British OpenJuly 13, 2015

Recalling Louis Oosthuizen's magic at the Old Course

Editor's Note: This story originally ran in the July 13, 2015 issue of Golf World.

By dinnertime Monday after the U.S. Open, Louis Oosthuizen was back at his home in Florida, letting friends pose for photos with the silver medal he won for finishing second to Jordan Spieth at Chambers Bay.

Oosthuizen normally doesn't celebrate runner-ups, but to have been that close required one of the most dramatic comebacks in U.S. Open history.

Twelve shots off the lead after a first-round 77, and nine over par after his opening two bogeys on Friday, Oosthuizen seemed stuck in the same funk as playing partners Tiger Woods and Rickie Fowler. But instead of a missed cut, the 32-year-old South African got blazing hot with rounds of 66-66-67, setting the Open record for the lowest final 54 holes and forcing Spieth to birdie the 72nd hole to beat him.

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Oosthuizen's finishing kick, which included a 29 on the final nine holes, brought back memories of his brilliant seven-stroke victory at the 2010 British Open at St. Andrews. Unfortunately, not much magic has followed.

There was Oosthuizen's 253-yard hole out with a 4-iron for double eagle on Augusta's downhill par-5 second hole during the final round of the 2012 Masters. But even that shot was largely forgotten after Bubba Watson's miracle hook from the trees on the 10th hole beat Oosthuizen in the playoff.

Mostly, the last five years have been defined by a series of back and neck injuries, which is why Chambers Bay represents an important building block.

"It was definitely a better feeling than walking off second at Augusta," Oosthuizen said from his home at Old Palm G.C. in Palm Beach Gardens, where he lives with his wife and three daughters. "I'll take a lot more from this one."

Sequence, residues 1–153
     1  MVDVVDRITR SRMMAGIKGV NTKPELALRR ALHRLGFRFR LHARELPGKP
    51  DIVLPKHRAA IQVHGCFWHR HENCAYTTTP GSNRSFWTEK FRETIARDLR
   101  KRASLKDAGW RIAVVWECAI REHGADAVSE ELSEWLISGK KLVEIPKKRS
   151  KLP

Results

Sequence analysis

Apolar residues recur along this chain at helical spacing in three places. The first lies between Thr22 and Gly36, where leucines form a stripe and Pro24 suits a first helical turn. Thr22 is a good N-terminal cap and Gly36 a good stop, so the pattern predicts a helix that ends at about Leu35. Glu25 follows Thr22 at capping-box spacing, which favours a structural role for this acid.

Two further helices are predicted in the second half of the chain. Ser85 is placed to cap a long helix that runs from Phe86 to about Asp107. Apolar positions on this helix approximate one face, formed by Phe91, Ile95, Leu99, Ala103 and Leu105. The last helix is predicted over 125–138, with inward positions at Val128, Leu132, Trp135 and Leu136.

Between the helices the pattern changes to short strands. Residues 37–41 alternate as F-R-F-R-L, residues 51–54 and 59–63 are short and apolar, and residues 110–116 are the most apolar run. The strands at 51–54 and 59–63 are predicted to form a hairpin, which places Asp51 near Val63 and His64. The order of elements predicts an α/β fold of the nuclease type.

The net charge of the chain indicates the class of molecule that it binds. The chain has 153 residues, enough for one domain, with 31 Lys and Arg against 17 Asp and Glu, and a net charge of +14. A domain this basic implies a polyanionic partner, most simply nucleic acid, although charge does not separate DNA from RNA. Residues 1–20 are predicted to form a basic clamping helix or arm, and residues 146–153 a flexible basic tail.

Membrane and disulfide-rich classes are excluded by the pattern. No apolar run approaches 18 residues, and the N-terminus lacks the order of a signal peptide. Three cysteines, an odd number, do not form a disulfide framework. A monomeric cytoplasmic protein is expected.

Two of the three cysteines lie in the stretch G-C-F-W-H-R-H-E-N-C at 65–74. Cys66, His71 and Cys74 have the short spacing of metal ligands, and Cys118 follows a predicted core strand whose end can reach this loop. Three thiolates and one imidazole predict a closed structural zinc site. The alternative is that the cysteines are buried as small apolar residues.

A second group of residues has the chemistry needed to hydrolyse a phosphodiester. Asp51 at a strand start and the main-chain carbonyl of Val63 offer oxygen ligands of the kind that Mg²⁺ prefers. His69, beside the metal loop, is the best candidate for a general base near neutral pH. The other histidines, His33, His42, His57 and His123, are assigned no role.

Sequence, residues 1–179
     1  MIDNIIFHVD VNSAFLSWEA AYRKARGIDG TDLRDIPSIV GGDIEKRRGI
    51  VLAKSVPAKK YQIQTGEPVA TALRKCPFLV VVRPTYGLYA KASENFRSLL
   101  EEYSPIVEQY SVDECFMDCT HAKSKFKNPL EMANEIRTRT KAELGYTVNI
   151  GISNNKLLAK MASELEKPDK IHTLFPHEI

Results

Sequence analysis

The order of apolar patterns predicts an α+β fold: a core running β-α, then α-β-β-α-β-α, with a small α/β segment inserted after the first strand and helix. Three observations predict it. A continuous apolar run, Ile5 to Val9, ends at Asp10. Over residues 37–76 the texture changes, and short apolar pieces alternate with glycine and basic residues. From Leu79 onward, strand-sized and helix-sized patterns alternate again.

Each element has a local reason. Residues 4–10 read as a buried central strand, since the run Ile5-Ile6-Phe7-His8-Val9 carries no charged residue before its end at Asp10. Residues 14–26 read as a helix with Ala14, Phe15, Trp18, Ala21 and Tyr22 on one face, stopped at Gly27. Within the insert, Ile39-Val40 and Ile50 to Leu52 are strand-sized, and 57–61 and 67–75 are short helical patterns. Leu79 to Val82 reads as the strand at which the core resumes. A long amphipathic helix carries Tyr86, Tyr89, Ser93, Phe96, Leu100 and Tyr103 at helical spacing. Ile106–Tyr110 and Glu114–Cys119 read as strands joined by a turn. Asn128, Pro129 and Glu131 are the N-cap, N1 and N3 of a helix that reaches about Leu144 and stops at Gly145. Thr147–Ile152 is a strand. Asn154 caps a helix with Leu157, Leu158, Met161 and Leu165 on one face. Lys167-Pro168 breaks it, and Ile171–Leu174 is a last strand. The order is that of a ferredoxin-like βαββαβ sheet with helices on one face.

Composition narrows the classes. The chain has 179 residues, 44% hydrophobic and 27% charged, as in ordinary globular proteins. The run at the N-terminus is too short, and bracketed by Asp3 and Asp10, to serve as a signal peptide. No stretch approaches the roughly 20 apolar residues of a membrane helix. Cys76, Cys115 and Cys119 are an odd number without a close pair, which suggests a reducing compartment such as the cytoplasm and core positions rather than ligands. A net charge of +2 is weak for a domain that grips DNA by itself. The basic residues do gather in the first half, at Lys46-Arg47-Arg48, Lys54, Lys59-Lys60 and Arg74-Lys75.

Related: How a specially-made bed helped get Oosthuizen in contention at the U.S. Open

When he returns to the Old Course, Oosthuizen will be carrying some strong memories. In 2010, he arrived having missed seven cuts in his previous eight majors, but quickly fell in love with the ancient links. A large part of his affection came from a sudden sense of comfort with the left-to-right ball flight that he and swing coach Pete Cowen had worked on since 2005, leaving Oosthuizen free to unleash his silky but powerful swing and simply "smash" the ball off the tee.

"For St. Andrews it was the perfect shot for me," Oosthuizen said of his power fade. He put on one of the greatest driving exhibitions ever seen, leading the field in driving accuracy and ranking third in distance.

This year, Oosthuizen is more focused on his putter than his driver. One of his good friends, Ian Baker-Finch, who put on one of the best putting displays in the championship's history when he won at Royal Birkdale in 1991, says Louis has been gaining confidence in his stroke through work with putting coach Phil Kenyon.

And Oosthuizen has got another set of memories to draw from—the ones from Chambers Bay. Of course, rather than another silver medal, Oosthuizen will be shooting for another claret jug.

"I was always looking forward to St. Andrews," he said before departing for Scotland last Friday. "I've been feeling for a while now it's really close, and I needed a good, solid week to get my mind right. I just needed those putts to fall, and things like that can get you in the right direction. I hope [Chambers Bay] will do that for me."

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